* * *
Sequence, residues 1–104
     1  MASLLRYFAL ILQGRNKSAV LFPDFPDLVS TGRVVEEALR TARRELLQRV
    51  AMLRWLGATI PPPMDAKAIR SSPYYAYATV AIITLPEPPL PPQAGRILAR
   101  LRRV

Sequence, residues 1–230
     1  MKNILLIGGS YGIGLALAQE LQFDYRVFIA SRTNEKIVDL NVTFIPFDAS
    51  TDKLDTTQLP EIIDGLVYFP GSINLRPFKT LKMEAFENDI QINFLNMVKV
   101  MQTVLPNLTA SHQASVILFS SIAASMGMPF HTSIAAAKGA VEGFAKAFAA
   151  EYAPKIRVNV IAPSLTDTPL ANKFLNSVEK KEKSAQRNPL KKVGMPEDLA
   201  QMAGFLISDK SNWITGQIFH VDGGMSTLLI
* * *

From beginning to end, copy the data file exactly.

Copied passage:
Sequence, residues 1–104
     1  MASLLRYFAL ILQGRNKSAV LFPDFPDLVS TGRVVEEALR TARRELLQRV
    51  AMLRWLGATI PPPMDAKAIR SSPYYAYATV AIITLPEPPL PPQAGRILAR
   101  LRRV

Sequence, residues 1–230
     1  MKNILLIGGS YGIGLALAQE LQFDYRVFIA SRTNEKIVDL NVTFIPFDAS
    51  TDKLDTTQLP EIIDGLVYFP GSINLRPFKT LKMEAFENDI QINFLNMVKV
   101  MQTVLPNLTA SHQASVILFS SIAASMGMPF HTSIAAAKGA VEGFAKAFAA
   151  EYAPKIRVNV IAPSLTDTPL ANKFLNSVEK KEKSAQRNPL KKVGMPEDLA
   201  QMAGFLISDK SNWITGQIFH VDGGMSTLLI